Being accused of a crime that you did not commit can be traumatizing and devastating. However, it is a common occurrence all over the world. If such a situation comes along your way and you do not handle it well, you can very well be punished even if you are not guilty. One of the most common causes of false accusations involves DUIs. In such cases, it is more often than not the police who detain you. For instance, some cops might assume that you are drunk and accuse you of DUI.
Other common types of false accusation cases are assault and harassment. One can be accused of any crime that they may not have committed. The important thing is to hire an attorney and get down to business straightaway. After all, one wrongful incarceration or even a fine can affect your family life, career, and mental health. If you find yourself in a similar pickle and you’re situated in Florida, you might want to contact Leppard Law: Florida DUI Lawyers & Criminal Defense Attorneys.
6 Things You Can Do If You’re Wrongfully Accused:
If you’re wrongfully accused of any crime, you have to tread carefully. No judiciary in the world is perfect, and not all those who are incarcerated are guilty. Here are 6 things you can do if you’re wrongfully accused.
1: Get a Good Attorney
Hiring a decent attorney is the first and foremost step you should take if you ever find yourself in such a scenario. Without a lawyer, any individual in the court of law is at a disadvantage. Even if you’re truly innocent, you have to hire a lawyer. If the accusing party has a decent lawyer, they can easily make the charges stick even if you are innocent. Only an attorney can help you prove your innocence in court. Do not hesitate to call them. Sometimes, people end up calling their lawyer a bit too late. Contrary to popular belief, opting for a lawyer even if you are innocent does not hint that you are guilty.
2: Exercise Your Right to Remain Silent
Do not speak to anyone other than your lawyer about your side of the story. If you’re present at the supposed crime scene, do not speak to the police at all. Do not panic, and call for your attorney. Of course, if you are innocent, you might want to clear things up then and there. However, any minor inconsistency in your story can break your attorney’s defense. It’s better not to speak to anyone at all about anything at the crime scene. That way, your attorney can build a stronger case and help you get out of this situation quickly.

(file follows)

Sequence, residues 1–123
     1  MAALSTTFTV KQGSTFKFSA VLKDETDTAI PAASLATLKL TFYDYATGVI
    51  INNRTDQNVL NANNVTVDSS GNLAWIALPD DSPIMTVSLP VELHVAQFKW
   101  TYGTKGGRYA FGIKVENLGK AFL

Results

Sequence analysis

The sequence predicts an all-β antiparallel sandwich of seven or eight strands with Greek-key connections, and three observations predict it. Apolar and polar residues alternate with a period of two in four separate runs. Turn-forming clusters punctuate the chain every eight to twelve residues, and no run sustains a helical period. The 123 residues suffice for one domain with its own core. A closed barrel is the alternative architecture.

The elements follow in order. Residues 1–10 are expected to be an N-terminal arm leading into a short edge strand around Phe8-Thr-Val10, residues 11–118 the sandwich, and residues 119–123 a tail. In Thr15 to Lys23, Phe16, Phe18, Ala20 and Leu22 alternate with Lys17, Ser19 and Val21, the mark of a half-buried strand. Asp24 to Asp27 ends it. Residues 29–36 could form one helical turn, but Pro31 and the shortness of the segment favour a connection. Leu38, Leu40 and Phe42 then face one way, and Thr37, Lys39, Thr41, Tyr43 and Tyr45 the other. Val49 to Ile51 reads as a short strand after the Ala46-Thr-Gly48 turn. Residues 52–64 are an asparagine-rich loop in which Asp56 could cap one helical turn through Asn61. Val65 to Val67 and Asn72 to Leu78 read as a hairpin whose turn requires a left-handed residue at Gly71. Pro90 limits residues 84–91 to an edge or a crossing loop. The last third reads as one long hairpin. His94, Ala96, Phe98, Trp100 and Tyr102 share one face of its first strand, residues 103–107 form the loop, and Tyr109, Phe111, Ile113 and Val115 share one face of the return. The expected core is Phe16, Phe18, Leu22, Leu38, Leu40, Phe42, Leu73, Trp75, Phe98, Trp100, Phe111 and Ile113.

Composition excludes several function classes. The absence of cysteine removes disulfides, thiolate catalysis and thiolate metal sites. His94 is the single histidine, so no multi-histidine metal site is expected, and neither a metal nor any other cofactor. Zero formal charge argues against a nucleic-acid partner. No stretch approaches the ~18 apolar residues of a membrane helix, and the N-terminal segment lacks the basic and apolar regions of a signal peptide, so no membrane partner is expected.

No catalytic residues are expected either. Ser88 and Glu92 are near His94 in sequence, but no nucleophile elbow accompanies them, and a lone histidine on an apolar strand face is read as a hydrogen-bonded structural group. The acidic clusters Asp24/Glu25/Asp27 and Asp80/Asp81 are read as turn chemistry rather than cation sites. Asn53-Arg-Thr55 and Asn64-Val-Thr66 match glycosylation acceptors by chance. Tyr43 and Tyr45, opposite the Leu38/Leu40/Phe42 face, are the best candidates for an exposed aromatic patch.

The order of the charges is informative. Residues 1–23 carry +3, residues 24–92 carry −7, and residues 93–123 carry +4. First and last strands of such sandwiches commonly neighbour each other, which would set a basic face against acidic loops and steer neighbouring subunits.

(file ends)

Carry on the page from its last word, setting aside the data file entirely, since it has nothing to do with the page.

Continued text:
3: Look for Evidence, But Don’t Destroy Any
If you can, try to gather evidence. However, do not tamper with any evidence you find. Of course, you might be tempted to destroy any evidence that may damage your case even though you might be innocent. However, such an action can be used against you in court. Thus, it’s better that you collect evidence but do not tamper or destroy any.
4: Don’t Talk To Witnesses or the Prosecuting Party
At times, you might think that you can convince the prosecuting party that it is all a big misunderstanding. But that talking to the witnesses or the prosecuting party on your own can be a very bad idea. It’s important to remember that you should not talk to anyone related to the case without your lawyer. Your conversation with the prosecuting party or the witness can be used against you in court. For instance, if you try to talk to the witness, the prosecutor might present that conversation as evidence of you intimidating the witness. The same thing goes for talking with the prosecuting party.
5: Refuse Voluntary Searches and Testing
If the police try to search your premises or you without a warrant, politely decline. After that, call your lawyer as soon as possible, and seek advice. Refuse any voluntary testing such as DNA testing. Even if you are innocent, you might not know what the police might find. Moreover, testing and searching that is not court-ordered are completely voluntary. Thus, you should not be intimidated by the police and just simply refuse to cooperate. Police often try to scare individuals into voluntary searches and testing. The key is to confront them if they do not have the appropriate warrants.
6: Gather Paperwork, and Make a List of Witnesses
It’s a good idea to make a list of witnesses who can help you build your case. Seek the help of your attorney to do this task. Moreover, make sure that you have all the documents that might be required in the court. Being prepared for the trial can leave a good impression on the jury as well as the judge.